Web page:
The main problems associated with oral iron therapy in CKD are gastrointestinal intolerance, problems of intestinal absorption or lack of compliance, which may require the patient to be sent to the hospital to receive iron intravenously (Table 2).

Table 2.

Available oral iron compounds.

Compounds  Iron element (mg per dose) 
Ferrous compounds (Fe II). Orally
Ferroglycine sulfate  Ferro Sanol®, Ferbisol®: 100mg (capsule), Glutaferro Drops®: 30mg/ml 
Iron gluconate  Losferron®: 80mg (tablet) 
Iron lactate  Cromatonbic Ferro®: 37.5mg (drinkable vial) 
Iron sulfate  FeroGradumet®: 105mg (tablet); Tardyferon®: 80mg (tablet) 
Ferric compounds (Fe III). Orally
Ovalbumin Ferrimannitol  Ferroprotin®, Kilor®, Profer®, Syron® 600: 80mg (packet)
Ferroprotin®, Kilor®, Profer®, Syron® 300: 40mg (packet) 
Ferrocolinate  Podertonic adults®: 112mg (packet) 
Succinylcasein iron  Ferplex®, Ferrocur®, Lactoferrin®: 40mg (drinkable vial) 
Administration of intravenous iron

In patients with CKD-not on dialysis, intravenous iron administration is indicated if:

  • Targets of Iron parameters are not achieved with oral iron therapy for 3 months or when there is intolerance to oral iron or malabsorption.

  • In patients with severe anemia and iron deficiency in whom a rapid Hb response is required.

  • Patients with chronic inflammatory processes showing functional iron deficiency (TSAT <20% with normal-elevated ferritin), especially if they require ESA.

In most patients with CKD-5D in hemodialysis, since given their high requirements it is considered unlikely that they reach iron targets using oral iron, so they will need treatment with intravenous iron.

In patients with CKD-5D in peritoneal dialysis who present absolute or functional iron deficiency, especially if they receive ESA.

Since intravenous iron therapy requires its administration in a hospital center, its indication is a reason for referral to a nephrologist.5

Indication of treatment with ESA-EPO in chronic kidney disease

If after ruling out or correcting other causes of anemia, the patient has adequate iron parameters and Hb is ≤10g/dl, the patient should be referred to Nephrology to assess the treatment with ESA (consider a value of Hb <11g/dl if the patient is young, active or with symptoms of anemia). ESAs are included in the group of outpatient hospital dispensing drugs.

The nephrologist should assess the benefits and risks of treatment with ESA in an anemic patient with CKD. As a general rule, in CKD adult patients treated with ESA, the Hb targets should be between 10 and 12mg/dl and always assessing symptoms and comorbidities. The total correction of anemia (Hb ≥13g/dl) during treatment with ESA-EPO is not indicated, since this Hb level it is not associated with an improvement in prognosis while there is an increased risk of adverse effects (hypertension, stroke, thrombosis of the vascular access, cancer progression, etc.)4,5 (Table 3).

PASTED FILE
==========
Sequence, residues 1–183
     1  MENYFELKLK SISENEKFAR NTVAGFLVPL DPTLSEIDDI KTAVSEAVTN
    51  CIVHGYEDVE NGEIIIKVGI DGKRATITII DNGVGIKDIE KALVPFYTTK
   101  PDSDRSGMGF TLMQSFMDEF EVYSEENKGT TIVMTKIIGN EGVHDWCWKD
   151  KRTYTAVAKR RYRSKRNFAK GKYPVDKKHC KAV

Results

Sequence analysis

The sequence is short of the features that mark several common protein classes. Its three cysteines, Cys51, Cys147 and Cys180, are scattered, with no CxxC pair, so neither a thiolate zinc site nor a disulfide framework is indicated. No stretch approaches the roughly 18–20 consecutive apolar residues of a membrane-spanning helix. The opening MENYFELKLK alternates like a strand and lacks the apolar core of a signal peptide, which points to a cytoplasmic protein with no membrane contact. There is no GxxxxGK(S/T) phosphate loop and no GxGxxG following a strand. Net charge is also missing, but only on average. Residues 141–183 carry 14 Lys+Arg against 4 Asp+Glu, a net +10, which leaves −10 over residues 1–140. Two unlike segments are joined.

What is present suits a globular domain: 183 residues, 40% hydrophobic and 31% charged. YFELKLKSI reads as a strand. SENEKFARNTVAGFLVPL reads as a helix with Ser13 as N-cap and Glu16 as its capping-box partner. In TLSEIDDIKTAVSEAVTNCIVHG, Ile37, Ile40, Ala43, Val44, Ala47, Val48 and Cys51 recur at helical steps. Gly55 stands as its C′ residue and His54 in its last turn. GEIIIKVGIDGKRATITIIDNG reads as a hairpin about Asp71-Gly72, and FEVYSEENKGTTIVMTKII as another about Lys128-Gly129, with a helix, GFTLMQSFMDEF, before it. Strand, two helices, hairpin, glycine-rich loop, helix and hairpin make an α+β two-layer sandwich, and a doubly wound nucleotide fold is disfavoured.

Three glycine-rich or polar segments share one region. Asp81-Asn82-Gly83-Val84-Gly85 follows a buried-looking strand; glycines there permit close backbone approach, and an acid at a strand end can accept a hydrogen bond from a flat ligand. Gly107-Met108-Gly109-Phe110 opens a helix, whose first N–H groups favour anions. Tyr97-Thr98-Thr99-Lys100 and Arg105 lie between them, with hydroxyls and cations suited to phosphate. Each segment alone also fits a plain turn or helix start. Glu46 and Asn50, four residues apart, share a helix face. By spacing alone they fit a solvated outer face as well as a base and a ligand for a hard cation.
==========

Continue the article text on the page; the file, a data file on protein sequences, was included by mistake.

Table 3.

Benefits and risks of treatment with ESA-EPO.

Benefits  Risks 
• Reduces the risk of transfusions  Risk in the individual patient (e.g.): 
• Improves the symptoms of anemia  • Ictus 
• Improves quality of life  • Arterial hypertension 
  • Vascular access thrombosis 
  • Cancer progression? 

The goal of Hb level will be individualized in each patient according to their age, degree of activity and the associated comorbidities, however Hb values ≥13g/dl should not be intentionally reached.

Referral to Nephrology for the management of anemia

The indications for referral of a CKD patient with anemia should be (Fig. 1):

  • Indication of intravenous iron therapy (failure/intolerance of oral Iron).

  • Indication of treatment with ESA.

  • In the patient treated with ESA with confirmed Hb ≥13g/dl or Hb ≤9g/dl that need dose adjustment.

Key points

  • -

    Anemia is a frequent complication in patients with CKD (eGFR <60ml/min/1.73m2), especially in CKD stage 4 or greater.

  • -

    The diagnosis of anemia due to CKD is a diagnosis of exclusion, so it is necessary to rule out other causes of anemia, especially iron deficiency.

  • -

    If after correction of all causes of anemia the patient persists anemic (Hb ≤10g/dl), he/she should be referred to a Nephrology Service to assess treatment with ESA. The patient should be also referred to Nephrology if there is indication of intravenous iron therapy or if the patient is treated with ESA and has Hb ≥13 or ≤9g/dl for dose adjustment.

Figure 1.

Work up algorithm and referral to Nephrology of patients with anemia of renal origin.

Conflict of interests

The authors have no conflicts of interest to declare.


The authors want to acknowledge the different scientific societies for their support and involvement in the implementation of this document.

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Prevalence and associations of anemia of CKD: Kidney Early Evaluation Program (KEEP) and National Health and Nutrition Examination Survey (NHANES) 1999–2004.
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Please cite this article as: Cases A, Egocheaga MI, Tranche S, Pallarés V, Ojeda R, Górriz JL, et al. Anemia en la enfermedad renal crónica: Protocolo de estudio, manejo y derivación a Nefrología. Nefrologia. 2018;38:8–12.

Copyright © 2017. Sociedad Española de Nefrología